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Systemic juvenile idiopathic arthritis is associated with HLA-DRB1 in Europeans and Americans of European descent

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Pediatric Rheumatology201210 (Suppl 1) :A6

  • Published:


  • Juvenile Idiopathic Arthritis
  • Population Stratification
  • Systemic Juvenile Idiopathic Arthritis
  • Modest Effect Size
  • Juvenile Idiopathic Arthritis Subtype


Systemic juvenile idiopathic arthritis (sJIA) is a complex inflammatory disease whose etiology remains unknown. sJIA is distinguished from other forms of juvenile idiopathic arthritis (JIA) by its characteristic features including requisite quotidian fever and salmon-colored, evanescent skin rash, but also by an absence of autoantibodies. Based on its unique phenotype among JIA subtypes, it has been suggested that sJIA may be autoinflammatory rather than autoimmune in nature, and consistent with this, sJIA is distinct among JIA subtypes for its inconsistently detectable association with HLA genes. In this study, we sought to use SNP genotyping in a large patient collection to identify sJIA susceptibility loci.


We genotyped 576 children fulfilling ILAR criteria for systemic arthritis and 366 control subjects free of sJIA or autoimmune disease. The collection included 205 cases and 210 controls from Cincinnati Children’s Hospital, 185 cases from the repository at University of Manchester, 56 cases and 60 controls from University of Genova, 54 cases from Hacettepe University, 42 cases from the University of Utah, 34 cases from Stanford University, and 96 controls from Istanbul University. SNP genotyping was performed using Illumina Omni1M Quad v1.0 beadchips and iScan platform. Omni1M beadchip data from 60 unrelated CEU HapMap individuals were obtained through Illumina’s iControlDB. SNP associations were evaluated using SNP & Variation Suite 7, excluding SNPs with call rates below 95%, minor allele frequencies below 0.05, or Hardy-Weinberg Equilibrium p below 0.001, producing a dataset of 690,672 SNPs in 576 cases and 426 controls. To address population stratification, we employed principal components (PC) analysis to identify and exclude samples with differing genetic backgrounds. We excluded 60 sJIA samples on this basis, reducing the size of the collection for final analysis to 516 cases and 426 controls. After correcting for the top 10 PCs, the genomic inflation factor reflected minimal population stratification (λGC = 1.01).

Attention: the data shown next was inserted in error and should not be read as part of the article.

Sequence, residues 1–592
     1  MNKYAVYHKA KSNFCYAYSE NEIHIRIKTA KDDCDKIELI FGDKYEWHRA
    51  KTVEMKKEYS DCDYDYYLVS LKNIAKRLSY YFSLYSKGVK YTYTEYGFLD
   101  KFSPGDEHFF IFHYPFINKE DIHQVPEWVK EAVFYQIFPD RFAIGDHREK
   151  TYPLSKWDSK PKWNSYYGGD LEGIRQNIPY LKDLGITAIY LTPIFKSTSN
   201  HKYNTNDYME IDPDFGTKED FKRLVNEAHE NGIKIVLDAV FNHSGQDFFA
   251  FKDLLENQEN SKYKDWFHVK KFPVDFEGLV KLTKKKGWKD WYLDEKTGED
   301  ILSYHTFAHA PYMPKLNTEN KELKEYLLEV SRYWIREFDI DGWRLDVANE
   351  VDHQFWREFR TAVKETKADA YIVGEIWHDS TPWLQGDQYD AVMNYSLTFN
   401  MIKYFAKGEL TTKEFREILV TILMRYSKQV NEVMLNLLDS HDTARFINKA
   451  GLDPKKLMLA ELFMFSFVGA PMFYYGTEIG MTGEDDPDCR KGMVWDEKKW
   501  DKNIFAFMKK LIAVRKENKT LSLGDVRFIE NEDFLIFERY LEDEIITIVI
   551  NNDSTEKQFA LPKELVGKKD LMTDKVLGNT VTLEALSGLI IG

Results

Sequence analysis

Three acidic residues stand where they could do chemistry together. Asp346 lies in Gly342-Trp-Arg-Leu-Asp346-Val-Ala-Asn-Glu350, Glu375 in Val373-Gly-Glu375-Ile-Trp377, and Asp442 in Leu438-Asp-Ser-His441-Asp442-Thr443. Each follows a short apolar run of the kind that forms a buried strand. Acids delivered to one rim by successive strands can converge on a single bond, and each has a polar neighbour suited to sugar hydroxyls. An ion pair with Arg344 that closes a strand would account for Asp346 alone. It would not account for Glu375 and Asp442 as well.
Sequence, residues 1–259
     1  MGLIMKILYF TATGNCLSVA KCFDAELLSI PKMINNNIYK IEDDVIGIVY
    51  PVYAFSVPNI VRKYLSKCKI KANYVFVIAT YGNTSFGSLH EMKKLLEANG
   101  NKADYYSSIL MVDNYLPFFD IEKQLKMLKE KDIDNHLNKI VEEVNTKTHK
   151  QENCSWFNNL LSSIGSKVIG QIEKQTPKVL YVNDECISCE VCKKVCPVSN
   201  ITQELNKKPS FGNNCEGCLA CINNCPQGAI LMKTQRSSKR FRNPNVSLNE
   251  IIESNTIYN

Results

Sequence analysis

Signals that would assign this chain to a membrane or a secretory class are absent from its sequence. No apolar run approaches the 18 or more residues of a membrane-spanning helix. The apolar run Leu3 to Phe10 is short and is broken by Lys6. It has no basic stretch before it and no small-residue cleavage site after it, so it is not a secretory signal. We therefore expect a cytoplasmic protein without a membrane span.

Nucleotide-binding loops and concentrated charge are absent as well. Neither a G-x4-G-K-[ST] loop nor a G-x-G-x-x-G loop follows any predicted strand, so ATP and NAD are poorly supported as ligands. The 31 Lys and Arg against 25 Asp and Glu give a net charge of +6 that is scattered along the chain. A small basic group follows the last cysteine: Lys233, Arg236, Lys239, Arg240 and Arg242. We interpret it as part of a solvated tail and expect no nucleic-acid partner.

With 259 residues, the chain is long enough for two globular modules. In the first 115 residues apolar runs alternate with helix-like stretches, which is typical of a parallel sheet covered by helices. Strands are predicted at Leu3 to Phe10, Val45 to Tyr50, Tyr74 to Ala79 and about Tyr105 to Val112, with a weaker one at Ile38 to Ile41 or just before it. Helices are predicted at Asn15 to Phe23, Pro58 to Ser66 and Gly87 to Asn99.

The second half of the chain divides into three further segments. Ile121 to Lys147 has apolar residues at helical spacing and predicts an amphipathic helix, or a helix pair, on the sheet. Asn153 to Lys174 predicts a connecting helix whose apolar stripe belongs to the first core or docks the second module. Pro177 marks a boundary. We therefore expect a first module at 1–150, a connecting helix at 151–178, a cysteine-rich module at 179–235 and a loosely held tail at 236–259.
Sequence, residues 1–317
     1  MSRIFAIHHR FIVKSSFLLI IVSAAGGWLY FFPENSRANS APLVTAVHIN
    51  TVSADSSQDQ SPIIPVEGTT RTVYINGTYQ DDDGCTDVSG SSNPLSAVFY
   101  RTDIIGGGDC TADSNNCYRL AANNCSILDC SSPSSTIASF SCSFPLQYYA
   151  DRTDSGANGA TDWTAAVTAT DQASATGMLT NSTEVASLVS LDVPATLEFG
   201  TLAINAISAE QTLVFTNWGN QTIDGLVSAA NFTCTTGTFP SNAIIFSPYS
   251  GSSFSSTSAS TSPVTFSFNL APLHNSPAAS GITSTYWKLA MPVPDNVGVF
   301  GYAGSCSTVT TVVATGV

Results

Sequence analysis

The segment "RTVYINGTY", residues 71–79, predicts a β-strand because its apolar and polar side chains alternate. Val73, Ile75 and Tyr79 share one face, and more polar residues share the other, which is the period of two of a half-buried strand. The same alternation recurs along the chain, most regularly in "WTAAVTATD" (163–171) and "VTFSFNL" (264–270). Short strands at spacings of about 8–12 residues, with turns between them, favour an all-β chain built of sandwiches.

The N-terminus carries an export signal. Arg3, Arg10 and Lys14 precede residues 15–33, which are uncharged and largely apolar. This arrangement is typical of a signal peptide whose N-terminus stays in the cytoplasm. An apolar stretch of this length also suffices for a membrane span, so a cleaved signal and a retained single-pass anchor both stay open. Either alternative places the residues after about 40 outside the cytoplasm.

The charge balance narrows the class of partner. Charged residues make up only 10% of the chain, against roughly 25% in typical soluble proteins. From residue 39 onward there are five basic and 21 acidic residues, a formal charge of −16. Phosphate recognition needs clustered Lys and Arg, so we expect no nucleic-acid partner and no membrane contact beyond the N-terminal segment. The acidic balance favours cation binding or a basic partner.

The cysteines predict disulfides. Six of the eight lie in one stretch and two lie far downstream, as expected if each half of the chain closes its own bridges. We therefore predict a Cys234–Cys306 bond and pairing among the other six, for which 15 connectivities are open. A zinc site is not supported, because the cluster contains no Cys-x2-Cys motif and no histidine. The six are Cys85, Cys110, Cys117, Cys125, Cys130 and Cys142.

We identified 12 SNPs within HLA-DRB1 with PC-corrected associations that exceeded a stringent threshold for genome-wide significance (p < 5 x 10-8). These SNPs were part of a larger group of 45 SNPs with p < 5 x 10-5 in the MHC class II gene cluster. The effect size of the sJIA-associated SNPs ranged from odds ratios of 1.45 to 1.65. Notably, the effect size of this association is modest, relative to the effect of associated HLA genes in other JIA subtypes and other autoimmune diseases. Figure 1.
Figure 1
Figure 1

SNP Associations surrounding HLA-DRB1 in sJIA. Displayed is a plot of the PC-corrected –log20p values of association for SNPs surrounding HLA-DRB1. Horizontal line at y=7.3 represents genome-wide significance threshold (p < 5x10-8).